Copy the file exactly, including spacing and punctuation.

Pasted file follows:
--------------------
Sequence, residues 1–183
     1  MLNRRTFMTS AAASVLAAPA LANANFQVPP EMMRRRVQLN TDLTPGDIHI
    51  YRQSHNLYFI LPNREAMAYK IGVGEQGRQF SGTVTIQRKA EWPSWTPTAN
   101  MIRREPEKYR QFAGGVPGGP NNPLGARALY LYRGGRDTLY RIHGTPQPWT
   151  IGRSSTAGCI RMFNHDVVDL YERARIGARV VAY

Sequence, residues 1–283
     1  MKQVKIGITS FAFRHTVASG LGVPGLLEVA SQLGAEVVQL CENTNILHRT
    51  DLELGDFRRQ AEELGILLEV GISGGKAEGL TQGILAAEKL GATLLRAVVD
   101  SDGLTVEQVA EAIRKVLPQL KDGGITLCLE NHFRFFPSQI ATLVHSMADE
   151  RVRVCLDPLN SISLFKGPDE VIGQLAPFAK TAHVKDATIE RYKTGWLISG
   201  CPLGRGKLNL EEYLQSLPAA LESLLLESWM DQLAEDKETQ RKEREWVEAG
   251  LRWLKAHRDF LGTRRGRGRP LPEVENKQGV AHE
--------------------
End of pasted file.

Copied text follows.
Sequence, residues 1–183
     1  MLNRRTFMTS AAASVLAAPA LANANFQVPP EMMRRRVQLN TDLTPGDIHI
    51  YRQSHNLYFI LPNREAMAYK IGVGEQGRQF SGTVTIQRKA EWPSWTPTAN
   101  MIRREPEKYR QFAGGVPGGP NNPLGARALY LYRGGRDTLY RIHGTPQPWT
   151  IGRSSTAGCI RMFNHDVVDL YERARIGARV VAY

Sequence, residues 1–283
     1  MKQVKIGITS FAFRHTVASG LGVPGLLEVA SQLGAEVVQL CENTNILHRT
    51  DLELGDFRRQ AEELGILLEV GISGGKAEGL TQGILAAEKL GATLLRAVVD
   101  SDGLTVEQVA EAIRKVLPQL KDGGITLCLE NHFRFFPSQI ATLVHSMADE
   151  RVRVCLDPLN SISLFKGPDE VIGQLAPFAK TAHVKDATIE RYKTGWLISG
   201  CPLGRGKLNL EEYLQSLPAA LESLLLESWM DQLAEDKETQ RKEREWVEAG
   251  LRWLKAHRDF LGTRRGRGRP LPEVENKQGV AHE